Let me give you an example. Miami Dade College (MDC) in Florida has been a long-term partner of the foundation’s through initiatives like Completion by Design and the Frontier Set, and we’ve learned a great deal from them as they’ve evolved over the years. I had the pleasure of spending time with MDC leaders last year and heard about their transformation process directly.
As a big community college serving large numbers of first-generation, adult, and part-time students, MDC understands the need to consistently go back to their data and continuously improve their approaches based on what is and isn’t working for their students. MDC’s ongoing transformation has remained rooted in three main areas of focus: a shared vision for student success, clear goals and accountability, and data-driven decision-making.
Over the years, the solutions they’ve put in place have taken different shapes, ranging from technology-driven changes (like focusing on digital learning and IT infrastructure) to organizational capacities (investing in things like stronger advising programs and research and data).
As MDC has evolved, they’ve had to build the muscles necessary to truly transform. New teams were formed to tackle new challenges, and a core of team members have worked across teams to help build a common language, methodology, and culture around transformation. They’ve also focused on broad participation from faculty, staff, and administrators, which has helped incorporate their insights and experience into the process.
Over the course of several years of this campus-wide transformation, MDC has benefitted from being part of collaborative initiatives with other community colleges, so they can compare notes with their peers, learn from best practices, and not have to reinvent the wheel. They have also benefitted from the ongoing technical assistance and expertise of an intermediary organization, the Aspen Institute. This third-party perspective and support has helped turn insights into action and sustain change over time.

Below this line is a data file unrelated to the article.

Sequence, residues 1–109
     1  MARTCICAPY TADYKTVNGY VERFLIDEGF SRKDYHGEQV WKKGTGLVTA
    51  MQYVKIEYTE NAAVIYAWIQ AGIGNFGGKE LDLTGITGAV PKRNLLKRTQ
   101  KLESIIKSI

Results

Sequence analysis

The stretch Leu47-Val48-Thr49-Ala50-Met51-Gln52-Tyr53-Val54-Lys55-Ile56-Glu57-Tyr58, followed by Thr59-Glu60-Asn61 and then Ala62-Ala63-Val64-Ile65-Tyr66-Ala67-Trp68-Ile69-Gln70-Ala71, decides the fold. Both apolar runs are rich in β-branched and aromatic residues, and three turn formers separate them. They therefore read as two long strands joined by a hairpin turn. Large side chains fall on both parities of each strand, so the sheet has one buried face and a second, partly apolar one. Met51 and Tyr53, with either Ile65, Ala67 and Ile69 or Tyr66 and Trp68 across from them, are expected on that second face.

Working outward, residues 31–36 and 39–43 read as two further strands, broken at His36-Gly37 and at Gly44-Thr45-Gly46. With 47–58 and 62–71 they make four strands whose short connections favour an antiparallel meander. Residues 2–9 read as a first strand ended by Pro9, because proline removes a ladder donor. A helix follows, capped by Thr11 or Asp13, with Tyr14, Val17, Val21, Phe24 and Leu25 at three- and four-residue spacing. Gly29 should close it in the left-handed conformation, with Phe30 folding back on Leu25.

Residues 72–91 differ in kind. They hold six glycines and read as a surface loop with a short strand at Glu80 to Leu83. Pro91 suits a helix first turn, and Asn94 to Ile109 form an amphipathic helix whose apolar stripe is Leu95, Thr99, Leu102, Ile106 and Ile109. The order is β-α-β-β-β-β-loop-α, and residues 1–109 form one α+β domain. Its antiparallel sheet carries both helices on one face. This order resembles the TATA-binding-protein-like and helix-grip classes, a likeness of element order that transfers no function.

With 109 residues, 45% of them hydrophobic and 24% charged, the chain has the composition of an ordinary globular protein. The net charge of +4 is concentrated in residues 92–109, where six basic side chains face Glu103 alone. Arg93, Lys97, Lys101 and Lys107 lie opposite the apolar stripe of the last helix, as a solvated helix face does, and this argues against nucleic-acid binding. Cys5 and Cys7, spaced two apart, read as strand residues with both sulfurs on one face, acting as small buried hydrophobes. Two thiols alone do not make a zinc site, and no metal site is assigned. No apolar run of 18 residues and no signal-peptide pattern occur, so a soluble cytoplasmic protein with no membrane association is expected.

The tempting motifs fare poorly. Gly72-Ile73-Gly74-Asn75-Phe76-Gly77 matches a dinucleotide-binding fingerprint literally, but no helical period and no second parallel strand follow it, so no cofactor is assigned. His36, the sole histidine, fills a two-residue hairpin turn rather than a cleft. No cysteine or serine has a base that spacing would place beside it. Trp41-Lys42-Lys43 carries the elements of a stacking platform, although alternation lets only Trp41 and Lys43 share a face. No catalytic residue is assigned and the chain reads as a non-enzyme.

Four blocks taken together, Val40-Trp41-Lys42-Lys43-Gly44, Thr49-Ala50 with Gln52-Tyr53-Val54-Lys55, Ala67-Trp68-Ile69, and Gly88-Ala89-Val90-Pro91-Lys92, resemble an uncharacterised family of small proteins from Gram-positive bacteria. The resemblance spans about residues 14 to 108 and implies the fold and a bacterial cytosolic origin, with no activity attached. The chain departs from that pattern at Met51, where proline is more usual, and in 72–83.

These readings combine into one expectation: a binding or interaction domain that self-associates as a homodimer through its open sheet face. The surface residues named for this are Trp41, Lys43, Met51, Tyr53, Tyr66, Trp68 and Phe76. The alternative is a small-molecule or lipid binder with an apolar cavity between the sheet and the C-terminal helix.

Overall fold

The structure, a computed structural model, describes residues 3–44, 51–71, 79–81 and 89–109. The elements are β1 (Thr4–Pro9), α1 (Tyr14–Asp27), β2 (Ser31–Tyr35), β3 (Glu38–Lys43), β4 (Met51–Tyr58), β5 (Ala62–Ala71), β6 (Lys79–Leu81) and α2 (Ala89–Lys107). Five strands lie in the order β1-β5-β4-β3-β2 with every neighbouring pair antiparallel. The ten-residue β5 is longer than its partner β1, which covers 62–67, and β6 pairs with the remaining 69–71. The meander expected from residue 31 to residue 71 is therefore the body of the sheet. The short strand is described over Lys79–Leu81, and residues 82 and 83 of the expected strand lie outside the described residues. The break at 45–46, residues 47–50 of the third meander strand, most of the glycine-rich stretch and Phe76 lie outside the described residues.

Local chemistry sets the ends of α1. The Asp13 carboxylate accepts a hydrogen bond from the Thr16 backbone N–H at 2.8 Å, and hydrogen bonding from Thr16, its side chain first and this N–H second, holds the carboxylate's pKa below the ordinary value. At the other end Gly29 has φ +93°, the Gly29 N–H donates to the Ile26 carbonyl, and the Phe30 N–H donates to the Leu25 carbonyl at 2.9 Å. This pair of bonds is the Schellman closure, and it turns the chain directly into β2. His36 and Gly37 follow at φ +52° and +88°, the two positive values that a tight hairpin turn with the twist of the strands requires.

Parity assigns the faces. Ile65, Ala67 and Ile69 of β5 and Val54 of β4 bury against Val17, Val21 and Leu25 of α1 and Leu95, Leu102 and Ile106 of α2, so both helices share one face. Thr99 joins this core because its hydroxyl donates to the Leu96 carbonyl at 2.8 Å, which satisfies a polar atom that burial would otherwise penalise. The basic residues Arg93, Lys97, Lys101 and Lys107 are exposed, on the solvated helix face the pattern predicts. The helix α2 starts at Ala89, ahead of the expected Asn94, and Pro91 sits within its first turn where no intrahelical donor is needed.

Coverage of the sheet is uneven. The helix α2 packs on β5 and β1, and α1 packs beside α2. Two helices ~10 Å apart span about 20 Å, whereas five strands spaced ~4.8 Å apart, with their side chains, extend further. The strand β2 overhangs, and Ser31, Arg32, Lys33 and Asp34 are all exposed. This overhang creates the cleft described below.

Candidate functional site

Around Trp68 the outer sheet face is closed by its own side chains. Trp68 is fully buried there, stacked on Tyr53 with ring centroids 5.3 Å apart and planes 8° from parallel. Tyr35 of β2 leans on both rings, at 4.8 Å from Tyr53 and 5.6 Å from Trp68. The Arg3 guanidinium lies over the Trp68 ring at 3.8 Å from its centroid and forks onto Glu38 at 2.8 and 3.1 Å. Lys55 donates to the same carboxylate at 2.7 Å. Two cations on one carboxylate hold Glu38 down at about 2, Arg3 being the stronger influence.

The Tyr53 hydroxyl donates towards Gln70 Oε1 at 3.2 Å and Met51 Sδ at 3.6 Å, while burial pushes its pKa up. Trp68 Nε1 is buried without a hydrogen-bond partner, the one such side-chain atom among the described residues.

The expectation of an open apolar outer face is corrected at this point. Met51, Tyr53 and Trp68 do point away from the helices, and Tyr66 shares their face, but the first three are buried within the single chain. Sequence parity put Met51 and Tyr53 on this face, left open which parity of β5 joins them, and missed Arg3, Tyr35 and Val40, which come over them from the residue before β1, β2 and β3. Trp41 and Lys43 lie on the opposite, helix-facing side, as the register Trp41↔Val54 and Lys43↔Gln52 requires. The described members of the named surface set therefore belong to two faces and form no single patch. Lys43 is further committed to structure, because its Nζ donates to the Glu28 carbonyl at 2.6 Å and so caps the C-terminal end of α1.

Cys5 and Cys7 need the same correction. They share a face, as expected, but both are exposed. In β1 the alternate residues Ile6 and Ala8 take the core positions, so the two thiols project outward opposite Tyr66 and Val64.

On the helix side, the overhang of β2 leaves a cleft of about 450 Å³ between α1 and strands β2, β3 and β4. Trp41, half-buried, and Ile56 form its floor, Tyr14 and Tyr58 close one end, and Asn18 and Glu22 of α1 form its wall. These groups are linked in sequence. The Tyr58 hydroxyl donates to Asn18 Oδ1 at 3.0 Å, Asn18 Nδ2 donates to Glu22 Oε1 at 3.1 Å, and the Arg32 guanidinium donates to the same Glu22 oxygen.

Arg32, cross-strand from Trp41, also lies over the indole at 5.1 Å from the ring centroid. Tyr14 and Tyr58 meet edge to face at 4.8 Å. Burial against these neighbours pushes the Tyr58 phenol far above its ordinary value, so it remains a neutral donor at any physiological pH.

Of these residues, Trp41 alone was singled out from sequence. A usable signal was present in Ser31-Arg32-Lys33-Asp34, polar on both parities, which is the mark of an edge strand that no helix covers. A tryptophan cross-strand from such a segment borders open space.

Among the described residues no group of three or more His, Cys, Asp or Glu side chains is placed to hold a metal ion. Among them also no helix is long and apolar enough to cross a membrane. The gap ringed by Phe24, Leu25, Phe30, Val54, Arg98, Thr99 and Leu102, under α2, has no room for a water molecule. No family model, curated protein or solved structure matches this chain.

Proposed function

MDC’s hard work and collaboration has paid off for their students. Over the past 10 years, Miami Dade has increased the number of students completing a program by 52 percent. Their work is ongoing, but MDC is a great example of what an institution can do if they have the will to change, the opportunity to connect with schools with similar goals, and the right resources and supports to truly transform.
That’s where our RFP for intermediaries comes in. You can read more about the RFP here, but we believe that if we can connect more colleges and universities with each other and with organizations that are committed to closing racial and income attainment gaps, and that have the experience to guide partners through continuous, data-driven learning and campus-level changes in policy and practice, we can collectively push higher ed to be more responsive to the needs of today’s students.
We owe students in this country the opportunity to pursue their dreams and an education after high school that will help them get a good job. To do that, higher ed needs to focus on continuously improving its approaches, so students are met with clear paths to success instead of barriers. That’s a resolution we should all be able to get behind, this year and beyond.